Flowers ask the big questions, which may be why they seem to have meant a little more this year. On a practical level, people tend to interact with flowers in three ways. There are the flowers we buy for ourselves as an act of self-love, just to brighten our own day. There are the flowers we exchange with others to express affection and support — to connect. And there are the living flowers we encounter in nature, parks, and planters, reminding us that we’re part of something bigger. At a time when many of us have struggled with our mental health, when we’ve been denied the nourishment of other people’s company, when our worlds have shrunk so dramatically, it’s no wonder flowers hold a particular appeal. They’re a counterweight to the forces that might otherwise drag us down. Maybe they don’t tip the scales completely — some of them are very small — but they do help.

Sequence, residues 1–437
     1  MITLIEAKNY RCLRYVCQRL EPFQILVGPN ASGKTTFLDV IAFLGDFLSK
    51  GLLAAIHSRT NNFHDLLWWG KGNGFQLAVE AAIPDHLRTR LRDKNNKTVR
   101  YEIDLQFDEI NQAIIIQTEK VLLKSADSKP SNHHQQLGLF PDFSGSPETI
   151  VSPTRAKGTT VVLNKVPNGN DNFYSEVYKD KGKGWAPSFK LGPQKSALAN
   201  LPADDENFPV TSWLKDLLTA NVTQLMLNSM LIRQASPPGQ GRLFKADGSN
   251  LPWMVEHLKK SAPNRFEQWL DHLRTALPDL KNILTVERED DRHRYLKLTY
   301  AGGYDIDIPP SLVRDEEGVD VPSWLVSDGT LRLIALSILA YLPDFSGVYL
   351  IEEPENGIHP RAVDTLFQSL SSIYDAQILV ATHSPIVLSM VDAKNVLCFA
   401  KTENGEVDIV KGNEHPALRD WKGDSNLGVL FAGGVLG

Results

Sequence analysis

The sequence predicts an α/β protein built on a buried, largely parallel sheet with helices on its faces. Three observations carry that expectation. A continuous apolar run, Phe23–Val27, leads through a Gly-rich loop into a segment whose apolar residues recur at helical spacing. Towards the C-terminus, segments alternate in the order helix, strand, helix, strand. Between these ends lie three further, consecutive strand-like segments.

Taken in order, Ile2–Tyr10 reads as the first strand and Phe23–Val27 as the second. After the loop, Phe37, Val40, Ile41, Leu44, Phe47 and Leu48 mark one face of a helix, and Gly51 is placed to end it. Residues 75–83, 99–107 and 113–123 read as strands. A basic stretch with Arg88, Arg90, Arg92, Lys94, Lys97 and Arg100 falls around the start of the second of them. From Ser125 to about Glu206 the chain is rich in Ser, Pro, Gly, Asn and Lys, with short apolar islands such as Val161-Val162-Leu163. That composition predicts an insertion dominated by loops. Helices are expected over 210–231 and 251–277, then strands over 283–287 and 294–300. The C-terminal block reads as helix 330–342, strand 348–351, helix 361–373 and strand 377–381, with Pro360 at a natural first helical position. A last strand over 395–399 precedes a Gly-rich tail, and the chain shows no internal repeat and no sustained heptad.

Bouquets of zinnias at a farmers market stand.
Joan Slatkin/Education Images/Universal Images Group/Getty Images

The writer and cartoonist Jonny Sun is big on houseplants; they’re a major theme in his new book, Goodbye, Again. But it wasn’t until the pandemic that he and his wife started regularly buying cut flowers for their home, ultimately signing up for a monthly bouquet subscription with the LA-based floral design studio Bia Blooms. “Things have felt so purgatorial and endless,” Sun says. “Every day feels the same. I’ve really looked to flowers as a sign that time is indeed passing in some sort of regular way.” The cycle of buying a bouquet, watching the flowers fade, and purchasing another provided a strange sense of stability and comfort.